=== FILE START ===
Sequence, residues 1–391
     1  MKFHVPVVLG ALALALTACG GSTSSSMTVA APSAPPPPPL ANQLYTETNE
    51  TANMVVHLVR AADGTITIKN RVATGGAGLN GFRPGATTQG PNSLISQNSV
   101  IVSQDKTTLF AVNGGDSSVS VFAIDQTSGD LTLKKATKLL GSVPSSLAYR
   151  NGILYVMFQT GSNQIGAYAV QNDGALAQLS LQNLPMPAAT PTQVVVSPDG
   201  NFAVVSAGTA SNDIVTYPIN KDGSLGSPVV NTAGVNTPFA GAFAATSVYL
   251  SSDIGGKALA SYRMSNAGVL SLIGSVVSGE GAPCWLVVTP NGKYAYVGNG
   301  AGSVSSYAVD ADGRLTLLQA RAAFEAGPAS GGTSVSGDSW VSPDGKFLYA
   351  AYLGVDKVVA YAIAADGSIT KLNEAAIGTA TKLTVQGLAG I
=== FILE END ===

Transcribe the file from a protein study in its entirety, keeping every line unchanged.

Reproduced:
Sequence, residues 1–391
     1  MKFHVPVVLG ALALALTACG GSTSSSMTVA APSAPPPPPL ANQLYTETNE
    51  TANMVVHLVR AADGTITIKN RVATGGAGLN GFRPGATTQG PNSLISQNSV
   101  IVSQDKTTLF AVNGGDSSVS VFAIDQTSGD LTLKKATKLL GSVPSSLAYR
   151  NGILYVMFQT GSNQIGAYAV QNDGALAQLS LQNLPMPAAT PTQVVVSPDG
   201  NFAVVSAGTA SNDIVTYPIN KDGSLGSPVV NTAGVNTPFA GAFAATSVYL
   251  SSDIGGKALA SYRMSNAGVL SLIGSVVSGE GAPCWLVVTP NGKYAYVGNG
   301  AGSVSSYAVD ADGRLTLLQA RAAFEAGPAS GGTSVSGDSW VSPDGKFLYA
   351  AYLGVDKVVA YAIAADGSIT KLNEAAIGTA TKLTVQGLAG I